Brazil conference
Brazil's Minister of Justice Eduardo Cardozo, left, and Brazil's Foreign Minister Luiz Alberto Figueiredo Machado, right, attend a news conference to address complaints of espionage between the U.S. and Brazil. Reuters

NSA whistleblower Edward Snowden may have been looking at Latin America as a possible destination for asylum -- but that was not the only link between the region and the U.S. spy agency. According to documents leaked by Snowden to Guardian journalist Glenn Greenwald, the U.S. National Security Agency was spying on the cell phone of Brazilian president Dilma Rousseff and Enrique Peña Nieto, then candidate for president of Mexico and now the sitting president.

The Brazilian government said the interception was an unacceptable violation of sovereignty, while Mexico stopped short of such rhetoric and called for a probe.

“If these facts prove to be true, it would be unacceptable and could be called an attack on our country’s sovereignty,” said Brazilian Justice Minster José Eduardo Cardozo.

President Rousseff called an emergency meeting with diplomats and ministers to discuss how to proceed, after it came out that the NSA intercepted e-mails, calls and texts from Rousseff’s cell phone, as well as an undisclosed number of Brazilian officials.

“It is a violation of human rights, a violation of the Brazilian nation. This issue must be treated as extremely serious, and it should be a warning to all sovereign nations of the world so we are not under the power of anybody,” said Maria do Rosário, Human Rights Minister, to São Paulo’s newspaper O Globo.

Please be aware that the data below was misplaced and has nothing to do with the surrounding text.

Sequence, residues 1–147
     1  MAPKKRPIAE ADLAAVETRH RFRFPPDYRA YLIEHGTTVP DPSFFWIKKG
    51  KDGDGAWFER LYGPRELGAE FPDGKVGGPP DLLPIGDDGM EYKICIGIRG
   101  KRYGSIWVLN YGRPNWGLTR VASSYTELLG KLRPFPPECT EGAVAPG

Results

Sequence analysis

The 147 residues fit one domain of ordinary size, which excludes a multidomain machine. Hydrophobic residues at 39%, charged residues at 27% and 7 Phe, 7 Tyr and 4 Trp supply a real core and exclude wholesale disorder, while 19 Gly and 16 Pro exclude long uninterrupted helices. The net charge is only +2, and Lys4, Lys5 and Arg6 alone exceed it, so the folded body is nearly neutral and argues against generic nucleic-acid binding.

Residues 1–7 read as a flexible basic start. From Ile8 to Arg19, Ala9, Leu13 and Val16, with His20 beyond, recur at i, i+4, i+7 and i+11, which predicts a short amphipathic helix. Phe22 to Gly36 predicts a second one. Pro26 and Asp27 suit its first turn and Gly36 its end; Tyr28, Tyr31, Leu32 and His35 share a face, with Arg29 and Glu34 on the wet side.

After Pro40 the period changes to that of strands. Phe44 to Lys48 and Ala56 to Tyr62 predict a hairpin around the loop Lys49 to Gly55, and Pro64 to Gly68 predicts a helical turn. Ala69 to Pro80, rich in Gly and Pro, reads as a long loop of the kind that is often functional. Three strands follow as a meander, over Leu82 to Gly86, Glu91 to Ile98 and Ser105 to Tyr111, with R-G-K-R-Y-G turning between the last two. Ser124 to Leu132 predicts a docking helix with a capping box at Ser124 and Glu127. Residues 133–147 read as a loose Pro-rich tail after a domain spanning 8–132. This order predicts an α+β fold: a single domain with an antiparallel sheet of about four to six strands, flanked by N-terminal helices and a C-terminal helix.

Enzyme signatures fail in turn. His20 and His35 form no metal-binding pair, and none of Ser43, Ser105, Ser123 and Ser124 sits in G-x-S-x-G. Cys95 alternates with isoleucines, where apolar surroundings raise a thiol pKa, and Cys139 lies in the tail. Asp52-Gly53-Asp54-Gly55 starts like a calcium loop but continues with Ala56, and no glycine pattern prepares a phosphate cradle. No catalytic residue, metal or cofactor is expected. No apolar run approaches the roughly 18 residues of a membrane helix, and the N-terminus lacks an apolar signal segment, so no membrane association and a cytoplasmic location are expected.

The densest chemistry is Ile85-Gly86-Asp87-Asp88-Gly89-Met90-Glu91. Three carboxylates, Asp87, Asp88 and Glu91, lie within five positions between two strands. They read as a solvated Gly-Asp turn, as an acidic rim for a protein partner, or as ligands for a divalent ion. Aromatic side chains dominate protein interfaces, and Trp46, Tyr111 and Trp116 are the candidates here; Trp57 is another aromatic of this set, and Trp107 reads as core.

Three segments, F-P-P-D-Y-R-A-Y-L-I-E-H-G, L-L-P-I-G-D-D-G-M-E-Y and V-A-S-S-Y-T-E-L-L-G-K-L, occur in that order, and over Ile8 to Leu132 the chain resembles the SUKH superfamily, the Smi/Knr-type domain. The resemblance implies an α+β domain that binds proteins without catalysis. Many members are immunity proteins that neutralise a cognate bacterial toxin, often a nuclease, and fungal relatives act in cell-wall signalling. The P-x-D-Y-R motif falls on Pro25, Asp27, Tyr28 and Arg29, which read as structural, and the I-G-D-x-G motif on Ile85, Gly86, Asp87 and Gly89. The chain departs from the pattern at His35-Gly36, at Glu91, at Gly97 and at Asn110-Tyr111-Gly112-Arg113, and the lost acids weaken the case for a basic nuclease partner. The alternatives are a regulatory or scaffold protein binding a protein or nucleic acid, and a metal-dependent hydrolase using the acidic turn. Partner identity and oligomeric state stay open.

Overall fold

Senator Ricardo Ferralco, head of the Brazilian Senate’s foreign relations committee, said that the committee had already decided to investigate the U.S. program’s focus on Brazil because of earlier revelations that the country was a top target of NSA spying.

“I feel a mixture of amazement and indignation. It seems like there are no limits. When the phone of the president is monitored, it’s hard to imagine what else might be happening,” Ferraco said in a press conference.

“It’s unacceptable that in a country like ours, where there is absolutely no climate of terrorism, that there is this type of spying,” he added.

Greenwald, who lives in Brazil, revealed his findings on Brazilian TV channel Globo’s news program “Fantástico.” The journalist also pointed out that the NSA spied on Mexico’s President Enrique Peña Nieto, even before he was elected in July 2012.

Unlike in the case of Brazil, the documents leaked by Snowden about Mexico did reveal the contents of the conversations intercepted by the NSA, including names of ministers before they were even announced by the government, informed Mexico City newspaper El Universal.

The U.S. Embassies in both countries refused to comment, saying that the issue will be handled by diplomatic channels.